Please wait a minute...
Acta Psychologica Sinica
|
Cognitive neural mechanism of training effect on inhibition of return: Evidence from an ERP study
XU Ju1; HU Yuanyan2; WANG Shuang1; LI Aisu1; ZHANG Ming1; ZHANG Yang1
(1 Department of Psychology, School of Education, Soochow University, Suzhou 215000, China) (2 Key Laboratory of Cognitive Neuroscience and Mental Heath, Chongqing University of Arts and Sciences, Chongqing 402160, China)
Download: PDF(772 KB)   Review File (1 KB) 
Export: BibTeX | EndNote | Reference Manager | ProCite | RefWorks    
Abstract  

Inhibition of return (IOR) refers to slower responses to targets presented at the previously cued location than to those at uncued locations when the cue-target onset asynchrony is more than about 250 ms. Although much has been debated about whether training could influence IOR, a recent behavioral study (Xu, Ma, Zhang, & Zhang, 2015) provided strong evidence for the existing of the IOR training effect. The study observed a reliable and significant decrease in IOR effect under a 8-day sustained training. However, as behavior reflects the combined influence of multiple processing stages, the behavioral measures are unable to determine definitely at which stage the IOR training effect takes place. Thereby, how the training shapes IOR is still an opening question. The current study is aimed to tackle this question by using the Event-Related Potentials that are superior in time-resolution and hence are sensitivity in tracking the distinct information processing stages. 24 paid participants recruited from the campus of Soochow University (6 males, 18 females, mean age of 20.6 ± 2.4, normal or corrected to normal vision) were asked to discriminate target stimuli (“@”or “&”) presented at either the previously cued (valid condition) or uncued locations (invalid condition) in 9 successive days. During the first and the last training day, the electroencephalogram (EEG) data were acquired while the participants performed the task. The results showed that: 1) Behaviorally, consistent with the results of XU et al.(2015), the IOR effect (RTvalid − RTinvalid) decreased steadily and significantly as the training days increased (19 and 6 ms for the first and last training day respectively); 2) Electro-physiologically, compatible with previous ERPs studies of IOR (e.g., Prime & Jolicoeur, 2009; Prime & Ward, 2006 ), the target stimuli occurred at valid locations elicited smaller N1 (170~200 ms) as well as the P2 than that at invalid locations; 3) And more interestingly, while N1 cueing effect (invalid - valid) and P2 cueing effect (the Nd250) decreased significantly from the first to the last training day, the P1 cueing effect kept constant across the training days. Taken together, 1) as the visual N1 cueing effect has been well demonstrated to reflect the perceptual processing (e.g., discrimination process), the current results suggested that perceptual processing is a critical stage during which the training effect of IOR occurs, providing, as far as we known, the first electrophysiological evidence for the cognitive neural mechanism of the training effect of IOR. And 2) the significant regression of the behavioral IOR effect on the N1 and the P2 cueing effect (Nd250) instead of the P1 cueing effect suggested that the N1 and Nd250 may be the more robust and reliable electrophysiological indexes of IOR.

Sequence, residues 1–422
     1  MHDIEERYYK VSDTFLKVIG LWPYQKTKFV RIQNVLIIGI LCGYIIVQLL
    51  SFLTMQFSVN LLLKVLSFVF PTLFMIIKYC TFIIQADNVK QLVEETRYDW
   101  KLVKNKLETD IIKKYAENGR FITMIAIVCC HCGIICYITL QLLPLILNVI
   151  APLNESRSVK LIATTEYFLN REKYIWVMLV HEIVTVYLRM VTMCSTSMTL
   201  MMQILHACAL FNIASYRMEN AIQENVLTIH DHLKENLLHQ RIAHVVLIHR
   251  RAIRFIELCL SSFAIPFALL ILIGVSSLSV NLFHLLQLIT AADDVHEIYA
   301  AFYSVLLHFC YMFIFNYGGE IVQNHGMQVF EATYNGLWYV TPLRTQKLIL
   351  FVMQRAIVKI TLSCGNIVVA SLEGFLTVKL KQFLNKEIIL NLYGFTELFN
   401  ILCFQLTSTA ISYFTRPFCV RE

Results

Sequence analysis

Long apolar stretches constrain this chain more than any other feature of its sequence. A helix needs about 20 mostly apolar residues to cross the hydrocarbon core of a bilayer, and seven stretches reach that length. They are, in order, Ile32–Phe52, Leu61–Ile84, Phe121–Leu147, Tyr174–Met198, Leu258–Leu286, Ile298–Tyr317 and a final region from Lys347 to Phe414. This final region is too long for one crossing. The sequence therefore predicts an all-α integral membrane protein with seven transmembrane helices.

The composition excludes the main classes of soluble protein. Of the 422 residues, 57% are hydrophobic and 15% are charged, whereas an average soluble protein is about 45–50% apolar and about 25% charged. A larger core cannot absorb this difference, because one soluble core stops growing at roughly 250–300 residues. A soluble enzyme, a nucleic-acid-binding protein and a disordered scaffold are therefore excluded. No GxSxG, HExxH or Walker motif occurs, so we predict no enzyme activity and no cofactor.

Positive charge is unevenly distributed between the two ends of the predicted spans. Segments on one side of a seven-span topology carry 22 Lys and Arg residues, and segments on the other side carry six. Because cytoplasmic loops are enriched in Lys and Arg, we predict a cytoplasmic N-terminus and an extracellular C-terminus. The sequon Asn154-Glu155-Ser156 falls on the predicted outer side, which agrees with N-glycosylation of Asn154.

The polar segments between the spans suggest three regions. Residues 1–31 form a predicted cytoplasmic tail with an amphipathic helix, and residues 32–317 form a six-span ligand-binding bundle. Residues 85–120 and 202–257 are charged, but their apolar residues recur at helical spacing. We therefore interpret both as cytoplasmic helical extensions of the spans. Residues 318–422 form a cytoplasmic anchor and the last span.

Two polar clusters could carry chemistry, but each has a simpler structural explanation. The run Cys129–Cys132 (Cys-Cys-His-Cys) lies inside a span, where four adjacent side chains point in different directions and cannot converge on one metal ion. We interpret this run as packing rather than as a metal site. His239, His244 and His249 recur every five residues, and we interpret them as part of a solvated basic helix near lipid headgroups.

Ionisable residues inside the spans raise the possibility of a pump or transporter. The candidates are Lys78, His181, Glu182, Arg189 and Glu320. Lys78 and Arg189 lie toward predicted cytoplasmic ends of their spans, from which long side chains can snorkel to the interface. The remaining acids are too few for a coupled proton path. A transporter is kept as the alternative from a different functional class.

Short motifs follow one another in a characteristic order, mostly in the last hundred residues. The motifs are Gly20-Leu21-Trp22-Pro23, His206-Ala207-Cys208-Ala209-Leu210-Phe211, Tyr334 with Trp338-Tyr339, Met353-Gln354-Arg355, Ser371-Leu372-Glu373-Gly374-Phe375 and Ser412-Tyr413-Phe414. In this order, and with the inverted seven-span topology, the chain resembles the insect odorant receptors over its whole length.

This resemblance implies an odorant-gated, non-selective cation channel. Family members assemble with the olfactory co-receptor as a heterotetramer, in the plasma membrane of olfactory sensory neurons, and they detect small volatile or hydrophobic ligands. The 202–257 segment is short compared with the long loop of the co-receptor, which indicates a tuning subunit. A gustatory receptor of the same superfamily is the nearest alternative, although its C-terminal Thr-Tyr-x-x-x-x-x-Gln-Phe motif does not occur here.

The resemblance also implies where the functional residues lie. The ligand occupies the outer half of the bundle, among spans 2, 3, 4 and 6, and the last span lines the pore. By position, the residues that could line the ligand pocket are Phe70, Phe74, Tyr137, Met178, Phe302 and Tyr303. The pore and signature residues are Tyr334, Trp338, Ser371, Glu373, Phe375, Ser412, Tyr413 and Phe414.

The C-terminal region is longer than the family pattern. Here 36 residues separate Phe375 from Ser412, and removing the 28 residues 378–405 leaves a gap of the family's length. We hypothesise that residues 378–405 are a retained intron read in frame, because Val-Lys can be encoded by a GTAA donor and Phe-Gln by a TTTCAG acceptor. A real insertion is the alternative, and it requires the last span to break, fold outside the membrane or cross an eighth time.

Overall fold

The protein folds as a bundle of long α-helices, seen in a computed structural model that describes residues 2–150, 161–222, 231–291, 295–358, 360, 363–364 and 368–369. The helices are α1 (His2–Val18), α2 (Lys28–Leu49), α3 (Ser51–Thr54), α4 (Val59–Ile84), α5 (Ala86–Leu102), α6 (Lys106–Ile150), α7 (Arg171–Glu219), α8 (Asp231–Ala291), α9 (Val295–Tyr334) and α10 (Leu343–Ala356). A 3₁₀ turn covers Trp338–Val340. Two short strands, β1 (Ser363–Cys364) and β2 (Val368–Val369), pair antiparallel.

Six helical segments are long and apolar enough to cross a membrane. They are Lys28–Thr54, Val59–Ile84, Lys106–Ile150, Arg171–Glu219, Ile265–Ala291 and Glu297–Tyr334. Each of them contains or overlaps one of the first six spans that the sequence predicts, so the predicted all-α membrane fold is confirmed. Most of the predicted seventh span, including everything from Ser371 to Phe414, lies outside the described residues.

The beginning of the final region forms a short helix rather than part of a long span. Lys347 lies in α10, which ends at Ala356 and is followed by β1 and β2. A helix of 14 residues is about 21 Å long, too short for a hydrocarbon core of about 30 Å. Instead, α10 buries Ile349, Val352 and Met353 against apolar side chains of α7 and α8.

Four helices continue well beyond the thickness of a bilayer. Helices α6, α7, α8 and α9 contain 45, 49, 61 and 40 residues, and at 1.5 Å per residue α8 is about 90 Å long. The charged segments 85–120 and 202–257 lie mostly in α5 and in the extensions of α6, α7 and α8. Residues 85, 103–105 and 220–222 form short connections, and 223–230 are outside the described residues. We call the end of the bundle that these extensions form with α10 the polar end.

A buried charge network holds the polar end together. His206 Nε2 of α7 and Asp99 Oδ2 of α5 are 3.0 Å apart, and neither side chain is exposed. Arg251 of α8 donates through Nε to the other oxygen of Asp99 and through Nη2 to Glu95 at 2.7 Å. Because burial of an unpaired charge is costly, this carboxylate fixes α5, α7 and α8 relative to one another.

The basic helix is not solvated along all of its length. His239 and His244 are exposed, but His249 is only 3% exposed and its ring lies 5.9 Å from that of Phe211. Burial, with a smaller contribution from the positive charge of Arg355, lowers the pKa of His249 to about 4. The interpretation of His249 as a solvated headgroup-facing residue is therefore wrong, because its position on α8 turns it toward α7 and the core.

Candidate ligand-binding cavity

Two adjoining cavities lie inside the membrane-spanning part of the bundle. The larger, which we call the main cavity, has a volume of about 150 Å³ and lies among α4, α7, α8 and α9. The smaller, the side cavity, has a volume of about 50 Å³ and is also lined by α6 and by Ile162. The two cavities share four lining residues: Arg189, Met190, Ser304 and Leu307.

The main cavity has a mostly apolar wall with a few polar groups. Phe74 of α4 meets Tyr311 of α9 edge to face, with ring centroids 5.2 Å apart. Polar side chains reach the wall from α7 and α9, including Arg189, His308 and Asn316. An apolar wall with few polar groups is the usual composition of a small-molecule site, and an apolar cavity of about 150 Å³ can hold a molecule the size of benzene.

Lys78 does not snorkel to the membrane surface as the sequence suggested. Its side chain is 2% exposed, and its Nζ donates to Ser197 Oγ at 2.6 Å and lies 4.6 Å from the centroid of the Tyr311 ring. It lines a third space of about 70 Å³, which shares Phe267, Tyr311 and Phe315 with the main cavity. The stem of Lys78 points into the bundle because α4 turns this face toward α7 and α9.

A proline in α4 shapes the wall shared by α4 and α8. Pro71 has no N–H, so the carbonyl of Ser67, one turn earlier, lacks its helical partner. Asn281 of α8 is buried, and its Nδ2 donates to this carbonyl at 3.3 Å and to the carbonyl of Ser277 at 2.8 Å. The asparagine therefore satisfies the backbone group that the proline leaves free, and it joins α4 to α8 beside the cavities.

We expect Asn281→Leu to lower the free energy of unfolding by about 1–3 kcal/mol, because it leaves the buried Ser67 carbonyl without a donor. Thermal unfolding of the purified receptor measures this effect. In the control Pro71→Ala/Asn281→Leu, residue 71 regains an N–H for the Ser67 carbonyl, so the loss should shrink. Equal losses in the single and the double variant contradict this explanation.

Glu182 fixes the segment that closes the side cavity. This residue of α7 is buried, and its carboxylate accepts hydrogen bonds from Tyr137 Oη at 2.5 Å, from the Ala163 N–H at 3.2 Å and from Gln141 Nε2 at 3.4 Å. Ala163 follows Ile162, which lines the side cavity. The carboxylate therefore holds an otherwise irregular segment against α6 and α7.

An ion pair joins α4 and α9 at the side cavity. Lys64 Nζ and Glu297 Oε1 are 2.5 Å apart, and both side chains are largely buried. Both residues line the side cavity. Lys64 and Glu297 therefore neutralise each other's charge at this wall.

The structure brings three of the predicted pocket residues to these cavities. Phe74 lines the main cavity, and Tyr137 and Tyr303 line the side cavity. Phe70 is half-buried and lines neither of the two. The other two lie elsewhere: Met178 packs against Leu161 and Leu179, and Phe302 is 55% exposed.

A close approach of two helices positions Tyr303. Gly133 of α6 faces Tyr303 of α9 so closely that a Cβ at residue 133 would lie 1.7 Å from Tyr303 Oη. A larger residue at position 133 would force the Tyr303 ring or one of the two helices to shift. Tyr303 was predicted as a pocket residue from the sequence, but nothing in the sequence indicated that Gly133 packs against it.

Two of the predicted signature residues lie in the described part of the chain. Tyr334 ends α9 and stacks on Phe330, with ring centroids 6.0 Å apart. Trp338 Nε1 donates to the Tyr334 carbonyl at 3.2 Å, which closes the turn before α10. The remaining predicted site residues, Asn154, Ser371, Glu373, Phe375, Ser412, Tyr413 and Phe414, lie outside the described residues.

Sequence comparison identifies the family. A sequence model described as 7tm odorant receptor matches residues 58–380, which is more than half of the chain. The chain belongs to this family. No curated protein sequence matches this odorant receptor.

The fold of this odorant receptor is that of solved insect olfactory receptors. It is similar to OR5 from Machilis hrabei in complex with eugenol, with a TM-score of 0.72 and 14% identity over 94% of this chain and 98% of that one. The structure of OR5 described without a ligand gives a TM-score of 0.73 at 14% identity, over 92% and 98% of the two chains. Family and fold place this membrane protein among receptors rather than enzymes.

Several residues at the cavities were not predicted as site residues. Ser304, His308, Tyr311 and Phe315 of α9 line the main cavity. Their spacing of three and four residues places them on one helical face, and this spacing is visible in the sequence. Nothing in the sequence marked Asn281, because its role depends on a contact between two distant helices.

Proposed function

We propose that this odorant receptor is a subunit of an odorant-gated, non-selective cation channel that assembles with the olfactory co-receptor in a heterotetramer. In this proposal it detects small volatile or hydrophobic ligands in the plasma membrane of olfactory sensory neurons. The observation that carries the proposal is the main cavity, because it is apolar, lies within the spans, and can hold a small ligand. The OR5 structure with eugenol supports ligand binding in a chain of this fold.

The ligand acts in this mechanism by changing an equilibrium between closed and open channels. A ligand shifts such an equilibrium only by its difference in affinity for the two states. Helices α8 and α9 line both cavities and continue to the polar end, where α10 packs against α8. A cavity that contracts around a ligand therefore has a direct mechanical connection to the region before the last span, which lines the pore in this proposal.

Keywords inhibition of return      long-term training      ERPs      P1      N1      Nd250     
Corresponding Authors: ZHANG Yang, E-mail: yzhangpsy@suda.edu.cn; ZHANG Ming, E-mail: psyzm@suda.edu.cn